GET THE PERMITS IRONCLAD FIRST
(Funny note: the issue went to the Idaho Supreme Court, and their ruling was: it's none of our business and sent it back to the Idaho Transportation Department)
GET THE PERMITS IRONCLAD FIRSTReplyDelete
No shit. The last piece to go in the new Narrow Bridge was a couple of expansion joints that actually were made in the US, but back East. They were hauled out here on I-90 on a big flatbed, but when they got to the border, near Spokane, the Staters made them stop, and it took a couple of weeks to get all the paperwork squared away.
The Bethlehem Steel Company functioned as the steelmaking enterprise within a corporation that actually had more invested in shipbuilding
Look at the Ford Rouge Complex. Ford owned the boats that brought the ore from Upper Michigan. They had the steel plant within the complex. Machining operations. Pretty much made most of the things going into the car. And then, of course, there was (is) the Ford Rouge Assembly Plant.
At one point, Ford owned plants to produce everything in the car, even rubber plantations in SA for rubber to produce tires.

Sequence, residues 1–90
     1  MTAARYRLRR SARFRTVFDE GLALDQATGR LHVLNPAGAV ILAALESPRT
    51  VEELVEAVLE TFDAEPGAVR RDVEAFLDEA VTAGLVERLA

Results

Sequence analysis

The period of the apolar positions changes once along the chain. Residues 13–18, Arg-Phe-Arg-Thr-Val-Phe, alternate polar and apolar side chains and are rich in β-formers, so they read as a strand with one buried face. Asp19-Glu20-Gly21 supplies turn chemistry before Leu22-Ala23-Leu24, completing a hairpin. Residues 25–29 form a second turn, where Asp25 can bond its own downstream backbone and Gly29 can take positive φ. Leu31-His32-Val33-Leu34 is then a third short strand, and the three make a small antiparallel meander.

Import replacement should be a national goal. The advantage to having so much industry closed ios that you can start new with state of the art facilities. You don't announce it but certainl a priority should be to replace Chinese imports. Why do we import any food items from China?ReplyDelete
Trade with China is good for countries like Canada or Australia because it is based on extraction industries but even there an attempt at higher valued added would be in their interests.
People have learned or are learning their lessons about China. We are continuously bombarded with the singular idea that the West is doomed,and the East is rising. I believe the opposite.ReplyDelete